Released earlier this month, the Amazon Echo Show 5 is a 5.5” smart screen and speaker with built-in support for Amazon’s Alexa voice assistant.
Costing £79.99, the Show 5 joins Amazon’s existing 10” Echo Show (£219.99) and Echo Spot (£119.99) in the retailer’s smart display range.
Like the Echo speaker, the device can be used to play music, podcasts and audiobooks from Audible, find out information from the web and control other smart home devices such as light bulbs and plugs, but the inclusion of the screen also allows it to play films and TV shows from Amazon Prime Video plus news from major brands such as the BBC and CNN, show you step by step recipes, display song lyrics, make calls, set alarms and be used as a monitor for compatible home security cameras.
Vodafone customers can also pair the device with their account to make and receive calls as if from their mobile, Skype customers can use the in-built camera to make video calls, and users with more than one Echo Show 5 can also make announcements around the home or use the ‘Drop In’ intercom-like feature.
The one big content omission is YouTube which can only be accessed by first launching the Show 5’s web browser and then tapping a bookmark to bring up the mobile version of YouTube.com.
Compared to the rest of the Show 5 experience, this feels clunky and time consuming but hopefully this week’s ending of its long running dispute with Google will allow Amazon to more deeply integrate the streaming service’s thousands of ‘how to’ guides, unboxing videos and trailers into its range.
Setting up the Echo Show 5 is a simple task – connect the power lead, enter your WiFi password directly on the device’s touch screen and then log in to your Amazon account. If you have a Prime or Amazon Music subscription, the device will automatically be able to play your content in response to your requests.
You can also add extra ‘Skills’ – basically apps for Alexa – via the Amazon website to expand the number of services you can access.
The Show 5’s design is simple and effective – the 5.5” screen is angled slightly upwards to ensure it’s easy to view, the rear is covered in a soft fabric coating (the black fronted model comes with a charcoal covering, the white version with sandstone), the power and a 3.5mm audio connection live around the back and the top edge of screen houses two microphones, a button to disable them, volume buttons and a slider for switching off the camera.
Amazon has provided a series of physical cues to confirm when the mic and camera are disabled, pressing the mic off button causes it to glow red, while the camera slide physically covers the lens as well as being marked with a red indicator.
In addition, enabling or disabling either input is also confirmed by an on-screen message and an audio confirmation and, impressively, if the Show 5 loses power while the mic is disabled, it remembers that state when power is restored.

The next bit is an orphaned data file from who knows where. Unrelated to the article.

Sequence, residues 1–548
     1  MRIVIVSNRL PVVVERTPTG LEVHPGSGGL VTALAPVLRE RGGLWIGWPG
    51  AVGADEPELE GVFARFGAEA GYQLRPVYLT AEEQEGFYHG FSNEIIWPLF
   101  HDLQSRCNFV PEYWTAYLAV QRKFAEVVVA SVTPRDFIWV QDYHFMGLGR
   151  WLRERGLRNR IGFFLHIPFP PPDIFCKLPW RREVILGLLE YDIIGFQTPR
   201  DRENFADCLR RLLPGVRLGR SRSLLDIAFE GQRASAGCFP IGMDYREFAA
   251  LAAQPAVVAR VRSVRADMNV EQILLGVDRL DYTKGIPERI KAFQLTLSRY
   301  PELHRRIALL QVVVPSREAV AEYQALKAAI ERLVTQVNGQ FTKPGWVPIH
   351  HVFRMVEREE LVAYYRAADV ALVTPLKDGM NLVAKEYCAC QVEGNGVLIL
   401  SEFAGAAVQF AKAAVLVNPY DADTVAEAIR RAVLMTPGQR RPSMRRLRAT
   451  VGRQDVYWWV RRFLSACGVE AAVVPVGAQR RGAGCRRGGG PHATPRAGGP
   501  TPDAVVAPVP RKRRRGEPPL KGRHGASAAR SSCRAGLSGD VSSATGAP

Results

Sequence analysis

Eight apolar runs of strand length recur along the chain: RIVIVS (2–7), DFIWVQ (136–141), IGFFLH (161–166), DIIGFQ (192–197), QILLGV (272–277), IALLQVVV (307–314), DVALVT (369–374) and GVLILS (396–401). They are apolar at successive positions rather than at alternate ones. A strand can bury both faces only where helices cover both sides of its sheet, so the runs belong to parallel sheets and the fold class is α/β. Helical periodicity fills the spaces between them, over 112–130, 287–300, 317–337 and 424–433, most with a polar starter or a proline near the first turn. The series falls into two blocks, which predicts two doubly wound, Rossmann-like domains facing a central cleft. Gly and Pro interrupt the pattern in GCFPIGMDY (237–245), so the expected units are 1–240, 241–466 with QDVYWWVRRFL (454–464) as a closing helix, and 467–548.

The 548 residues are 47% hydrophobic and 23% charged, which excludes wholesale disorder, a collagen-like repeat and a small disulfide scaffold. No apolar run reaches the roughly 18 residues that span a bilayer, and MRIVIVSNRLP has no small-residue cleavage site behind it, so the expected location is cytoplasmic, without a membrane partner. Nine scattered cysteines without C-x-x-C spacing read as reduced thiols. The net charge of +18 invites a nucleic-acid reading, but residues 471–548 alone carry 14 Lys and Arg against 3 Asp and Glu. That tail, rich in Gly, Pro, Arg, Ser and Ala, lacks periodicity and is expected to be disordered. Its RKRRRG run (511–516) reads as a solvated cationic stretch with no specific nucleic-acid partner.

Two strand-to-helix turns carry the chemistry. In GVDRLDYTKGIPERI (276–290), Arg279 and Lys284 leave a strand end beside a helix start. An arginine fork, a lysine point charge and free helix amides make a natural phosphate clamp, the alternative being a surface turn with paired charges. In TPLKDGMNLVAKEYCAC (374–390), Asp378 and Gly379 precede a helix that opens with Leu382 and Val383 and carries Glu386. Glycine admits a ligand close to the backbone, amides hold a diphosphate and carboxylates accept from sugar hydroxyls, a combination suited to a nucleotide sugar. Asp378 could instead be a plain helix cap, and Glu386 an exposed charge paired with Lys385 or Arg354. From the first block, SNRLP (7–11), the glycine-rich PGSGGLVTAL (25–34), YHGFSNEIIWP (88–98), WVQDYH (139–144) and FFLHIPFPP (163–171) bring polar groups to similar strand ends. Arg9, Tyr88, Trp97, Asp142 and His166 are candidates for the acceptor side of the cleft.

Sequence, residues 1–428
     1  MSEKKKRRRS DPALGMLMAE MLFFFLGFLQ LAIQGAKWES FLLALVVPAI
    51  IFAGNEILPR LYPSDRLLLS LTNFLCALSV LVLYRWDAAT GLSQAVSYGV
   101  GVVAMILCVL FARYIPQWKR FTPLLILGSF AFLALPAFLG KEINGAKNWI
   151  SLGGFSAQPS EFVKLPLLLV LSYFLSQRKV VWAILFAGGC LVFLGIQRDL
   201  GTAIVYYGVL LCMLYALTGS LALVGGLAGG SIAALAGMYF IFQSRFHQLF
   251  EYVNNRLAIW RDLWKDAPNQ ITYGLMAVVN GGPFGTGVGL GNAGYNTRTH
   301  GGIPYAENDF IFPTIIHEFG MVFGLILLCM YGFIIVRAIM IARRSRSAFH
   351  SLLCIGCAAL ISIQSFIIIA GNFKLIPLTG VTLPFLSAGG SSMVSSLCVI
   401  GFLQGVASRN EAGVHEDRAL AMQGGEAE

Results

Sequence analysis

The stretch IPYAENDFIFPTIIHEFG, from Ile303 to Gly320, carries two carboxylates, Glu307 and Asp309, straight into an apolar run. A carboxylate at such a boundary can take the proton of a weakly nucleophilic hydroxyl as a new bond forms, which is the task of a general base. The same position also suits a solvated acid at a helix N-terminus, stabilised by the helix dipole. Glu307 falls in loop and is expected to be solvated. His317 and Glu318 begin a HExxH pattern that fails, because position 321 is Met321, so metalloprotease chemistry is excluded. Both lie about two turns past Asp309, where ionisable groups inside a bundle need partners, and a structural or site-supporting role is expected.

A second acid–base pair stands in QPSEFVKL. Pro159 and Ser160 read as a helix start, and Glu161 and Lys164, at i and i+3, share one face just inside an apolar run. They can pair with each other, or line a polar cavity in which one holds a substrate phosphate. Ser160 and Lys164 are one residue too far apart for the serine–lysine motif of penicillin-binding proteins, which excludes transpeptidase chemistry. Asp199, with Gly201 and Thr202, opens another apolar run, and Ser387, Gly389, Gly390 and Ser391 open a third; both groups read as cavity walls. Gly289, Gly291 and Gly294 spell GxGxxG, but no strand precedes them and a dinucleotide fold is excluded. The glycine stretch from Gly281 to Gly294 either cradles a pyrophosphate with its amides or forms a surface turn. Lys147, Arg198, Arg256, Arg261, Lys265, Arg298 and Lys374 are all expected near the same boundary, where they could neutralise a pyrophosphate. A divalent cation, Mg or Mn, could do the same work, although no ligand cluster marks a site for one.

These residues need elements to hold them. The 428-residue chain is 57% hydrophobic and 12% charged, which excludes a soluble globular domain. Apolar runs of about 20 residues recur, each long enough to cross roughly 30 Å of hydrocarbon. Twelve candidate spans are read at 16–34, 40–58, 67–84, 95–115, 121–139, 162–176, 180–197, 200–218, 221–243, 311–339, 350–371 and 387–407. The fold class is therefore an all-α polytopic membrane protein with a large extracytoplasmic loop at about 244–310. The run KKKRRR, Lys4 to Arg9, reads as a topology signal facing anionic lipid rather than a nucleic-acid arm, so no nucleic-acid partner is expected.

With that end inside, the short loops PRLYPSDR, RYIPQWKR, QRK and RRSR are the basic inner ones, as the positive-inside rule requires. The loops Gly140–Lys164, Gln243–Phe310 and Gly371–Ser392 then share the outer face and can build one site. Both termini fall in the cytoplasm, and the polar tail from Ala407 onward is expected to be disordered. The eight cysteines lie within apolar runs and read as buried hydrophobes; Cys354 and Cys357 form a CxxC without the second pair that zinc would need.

The recipes feature – in which Alexa is able to read out the instructions and the user can navigate through the steps simply by asking her to move on, eliminating the potential for getting messy fingerprints on the screen – really impressed.
However, if you’re planning to use it in the kitchen it’d probably be a good idea to pay out for the optional stand to help protect the fabric cover from any liquid spills.
The device has a nice solid feel and is sufficiently weighty that it won’t move around when you tap the screen which is bright and vivid, copes well with bright light sources and displays text which is clear and easy to read.
When you wake Alexa, a thin bottom strip of the display glows several shades of blue, mimicking the LED lights on the Echo and Echo Spot speakers.
I found the Show 5 offered a good viewing and listening experience; the speaker provides decent sounding music, and video content – subject to the source material and your broadband speeds of course – looks sharp, well defined and judder-free.
While no-one’s going to want to do all their viewing on a 5.5” screen, the device is a useful way of being able to drop in on your favourite Prime shows and films or keep up to date with the news in rooms where you might not want or be able to accommodate a TV.
In addition, the ability to stream radio stations through skills such as BBC Sounds and TuneIn, or music from Amazon’s own streaming service as well as Spotify, Apple Music, means buyers can access a huge range of content.
The Show 5 is a genuinely interesting device – depending on the needs, wants and comfort level of the user, it can either be a karaoke machine, an interactive cookbook, a radio, an alarm clock that wakes you with a favourite song, or a highly advanced AI powered hub capable of controlling an array of smart home devices.
Some people will use it for all those things while others will find a single use that works for them and, initially at least, stick with it before potentially venturing on to the next level.
Amazon have done well here to create a user experience where no matter how much or little of the device’s capabilities that you’re using, there’s no sense of ‘not doing it properly’ and the relatively low asking price means even those who stick to using just a few features should get good value from their purchase.
The Amazon Echo Show 5 is available from Amazon.co.uk* and selected third party retailers.